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Intrinsically disordered linkers control tethered kinases via effective concentration

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Intrinsically disordered linkers control tethered kinases via effective concentration. / Dyla, Mateusz; Kjaergaard, Magnus.

In: Proceedings of the National Academy of Sciences of the United States of America, Vol. 117, No. 35, 09.2020.

Research output: Contribution to journal/Conference contribution in journal/Contribution to newspaperJournal articleResearchpeer-review

Harvard

Dyla, M & Kjaergaard, M 2020, 'Intrinsically disordered linkers control tethered kinases via effective concentration', Proceedings of the National Academy of Sciences of the United States of America, vol. 117, no. 35. https://doi.org/10.1073/pnas.2006382117

APA

Dyla, M., & Kjaergaard, M. (2020). Intrinsically disordered linkers control tethered kinases via effective concentration. Proceedings of the National Academy of Sciences of the United States of America, 117(35). https://doi.org/10.1073/pnas.2006382117

CBE

Dyla M, Kjaergaard M. 2020. Intrinsically disordered linkers control tethered kinases via effective concentration. Proceedings of the National Academy of Sciences of the United States of America. 117(35). https://doi.org/10.1073/pnas.2006382117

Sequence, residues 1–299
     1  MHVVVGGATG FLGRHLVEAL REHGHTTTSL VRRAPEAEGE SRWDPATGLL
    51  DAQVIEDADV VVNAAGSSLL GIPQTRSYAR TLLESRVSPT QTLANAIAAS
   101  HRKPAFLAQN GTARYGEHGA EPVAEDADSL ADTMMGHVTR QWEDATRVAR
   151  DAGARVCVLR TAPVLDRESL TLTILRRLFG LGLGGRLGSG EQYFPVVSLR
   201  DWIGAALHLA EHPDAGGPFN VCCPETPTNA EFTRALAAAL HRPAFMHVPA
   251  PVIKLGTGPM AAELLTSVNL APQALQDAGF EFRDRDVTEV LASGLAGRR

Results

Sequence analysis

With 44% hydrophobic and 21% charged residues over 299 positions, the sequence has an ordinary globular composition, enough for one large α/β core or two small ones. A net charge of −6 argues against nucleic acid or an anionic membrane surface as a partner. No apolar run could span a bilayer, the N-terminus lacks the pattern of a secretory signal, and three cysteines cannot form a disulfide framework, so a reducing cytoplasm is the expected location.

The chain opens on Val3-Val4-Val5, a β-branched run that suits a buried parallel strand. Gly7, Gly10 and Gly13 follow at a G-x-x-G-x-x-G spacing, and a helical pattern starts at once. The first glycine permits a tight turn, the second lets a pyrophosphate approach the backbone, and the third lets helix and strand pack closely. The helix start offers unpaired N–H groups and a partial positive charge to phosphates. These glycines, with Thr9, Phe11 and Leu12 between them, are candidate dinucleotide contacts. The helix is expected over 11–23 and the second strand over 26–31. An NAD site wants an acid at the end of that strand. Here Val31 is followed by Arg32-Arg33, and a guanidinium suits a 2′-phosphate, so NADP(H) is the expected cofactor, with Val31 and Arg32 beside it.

MLA

Dyla, Mateusz and Magnus Kjaergaard. "Intrinsically disordered linkers control tethered kinases via effective concentration". Proceedings of the National Academy of Sciences of the United States of America. 2020. 117(35). https://doi.org/10.1073/pnas.2006382117

Vancouver

Dyla M, Kjaergaard M. Intrinsically disordered linkers control tethered kinases via effective concentration. Proceedings of the National Academy of Sciences of the United States of America. 2020 Sep;117(35). https://doi.org/10.1073/pnas.2006382117

Author

Dyla, Mateusz ; Kjaergaard, Magnus. / Intrinsically disordered linkers control tethered kinases via effective concentration. In: Proceedings of the National Academy of Sciences of the United States of America. 2020 ; Vol. 117, No. 35.

Bibtex

@article{e3874e62ffe84267ba6cc1d9c3dbbc4b,
title = "Intrinsically disordered linkers control tethered kinases via effective concentration",
abstract = "Kinase specificity is crucial to the fidelity of signaling pathways, yet many pathways use the same kinases to achieve widely different effects. Specificity arises in part from the enzymatic domain but also from the physical tethering of kinases to their substrates. Such tethering can occur via protein interaction domains in the kinase or via anchoring and scaffolding proteins and can drastically increase the kinetics of phosphorylation. However, we do not know how such intracomplex reactions depend on the link between enzyme and substrate. Here we show that the kinetics of tethered kinases follow a Michaelis-Menten-like dependence on effective concentration. We find that phosphorylation kinetics scale with the length of the intrinsically disordered linkers that join the enzyme and substrate but that the scaling differs between substrates. Steady-state kinetics can only partially predict rates of tethered reactions as product release may obscure the rate of phosphotransfer. Our results suggest that changes in signaling complex architecture not only enhance the rates of phosphorylation reactions but may also alter the relative substrate usage. This suggests a mechanism for how scaffolding proteins can allosterically modify the output from a signaling pathway.",